Induction of C. difficile Enterocolitis and Probiotic Administration
For the in vivo experiment, B. longum JDM301 and C. difficile ATCC 43255 recovered from -80°C frozen storage were inoculated on agar plates and incubated at 37°C under anaerobic condition for 48 h. After 48 h, colonies were inoculated to MRS or BHI, respectively. The cultures were transferred into fresh MRS or BHI at 10% inoculums for 24 h. Cells were collected by centrifugation at 13,400 rpm for 5 min and washed twice with sterile PBS. Then bacteria pellets were suspended in sterile PBS. The concentration of C. difficile was evaluated according to OD600 and adjusted to 1010 CFU/ml in PBS. And the concentration of B. longum was adjusted to 1011 or 109 CFU/ml. The bacterial counts of CFU/ml/OD600 of bacteria incubated at 37°C in MRS or BHI for 24 h in anaerobic conditions were determined by plating serial dilutions of the cultures on MRS-cys/agar 0.05% (w/v) or BHI-cys/agar 0.05% (w/v) and plates were incubated at 37°C for 48 h in anaerobic conditions. C57BL/6 mice (6∼7 weeks old) were purchased from Shanghai Laboratory Animal Co., Ltd. (SLAC, China). All animal experiments were approved by the Animal Care and Use Committee of Xuzhou Medical University. The infection model used is a modification of the protocol reported previously (Chen et al., 2008; Kang et al., 2011). C57BL/6 male mice (8 weeks) were given antibiotic-containing drinking water for 3 days. The antibiotic concentrations in drink water were as follows: kanamycin, 1.6 mg/ml; gentamicin, 0.14 mg/ml; colistin, 0.168 mg/ml; metronidazole, 0.86 mg/ml; vancomycin, 0.18 mg/ml. After exposure to the antibiotic cocktail, mice were given untreated autoclaved water for a whole day. Then, mice received a single dose of clindamycin (10 mg/kg) intraperitoneally. After 24 h, mice were divided into three groups: Control group (no infection and no treatment), CD group (CDI) and CD+BF group (CDI and JDM301 treatment). Mice in CD group and CD+BF group were infected with C. difficile ATCC 43255 (1 × 109 cfu) by oral gavage and monitored for signs of disease (day 1). Control mice were similarly administered with 200 μl sterile PBS. Mice in CD+BF group received a dose of 1 × 1010 CFU B. longum JDM301 by oral gavage followed administration of C. difficile on day 1. From day 2 to day 6, B. longum JDM301 (1 × 109 cfu) in drinking water was administrated to mice in CD+BF group. The clinical endpoint was time until death occurred. During the entire post-infection, clinical scores were recorded for each mouse (Li et al., 2012). A few modifications were made that clinical scores for animals died spontaneously were not included in clinical scoring. On day 7, surviving animals were sacrificed to collect tissues and cecal content. Samples from animals that died spontaneously were not included in histopathological analysis, cytokine array, quantification of the number, and the toxin of C. difficile in gut.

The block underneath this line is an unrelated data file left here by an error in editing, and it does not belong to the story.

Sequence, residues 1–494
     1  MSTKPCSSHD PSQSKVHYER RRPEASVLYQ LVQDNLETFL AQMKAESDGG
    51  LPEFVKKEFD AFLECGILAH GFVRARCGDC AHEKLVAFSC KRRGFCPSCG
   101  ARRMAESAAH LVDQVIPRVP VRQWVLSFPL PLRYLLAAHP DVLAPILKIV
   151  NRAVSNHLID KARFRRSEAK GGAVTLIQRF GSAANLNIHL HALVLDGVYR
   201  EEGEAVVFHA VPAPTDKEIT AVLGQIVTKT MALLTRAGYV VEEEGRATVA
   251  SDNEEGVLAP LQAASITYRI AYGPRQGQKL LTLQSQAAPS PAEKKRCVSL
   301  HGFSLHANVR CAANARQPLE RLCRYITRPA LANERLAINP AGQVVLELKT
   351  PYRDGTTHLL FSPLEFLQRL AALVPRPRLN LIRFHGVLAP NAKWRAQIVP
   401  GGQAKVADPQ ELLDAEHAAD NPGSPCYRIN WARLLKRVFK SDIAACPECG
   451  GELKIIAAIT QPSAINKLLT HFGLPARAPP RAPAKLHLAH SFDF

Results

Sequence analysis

For each mouse, cecum was collected and fixed in a 4% phosphate buffered formaldehyde solution. Paraffin embedded samples were sliced and stained with hematoxylin-eosin for light microscopic examination. Histological damage of cecum segments was evaluated based on a scoring system reported previously (Hirota et al., 2012). A histological scoring system was used to assess pathological tissue inflammation and architectural changes. Architectural change was scored: 0, normal; 1, vacuolation/blebbing; 2, loss of epithelium; and 3, complete loss of crypt architecture. The severity of the inflammatory response was scored: 0, normal; 1, increased number of inflammatory cells in lamina propria; 2, increased number of inflammatory cells in submucosa; 3, dense inflammatory cell mass, but not transmural in nature; and 4, transmural inflammation. The histopathology score for each mouse was a sum of a score for architectural change and an inflammation score.
Cytokine Quantification by Cytometric Bead Array (CBA)
Proximal cross section of colon (20 mg) from the above mice was weighted. Then, 400 μl RIPA (Sigma) and protease inhibitor cocktail (Santa Cruz) were added to the samples. Tissues were homogenized on ice and centrifuged at 12,000 g for 10 min at 4°C. Supernatants were collected. CBAs were performed using a CBA mouse Th1/Th2/Th17 cytokine kit (BD Biosciences) with a FACSCanto II flow cytometer to evaluate the concentrations of IL-6, TNF-α, IL-10, IL-17, and IFN-γ in the supernatants of the tissues. FCAP Array software v 3.0 (BD Biosciences) was used to analyze cytometric data.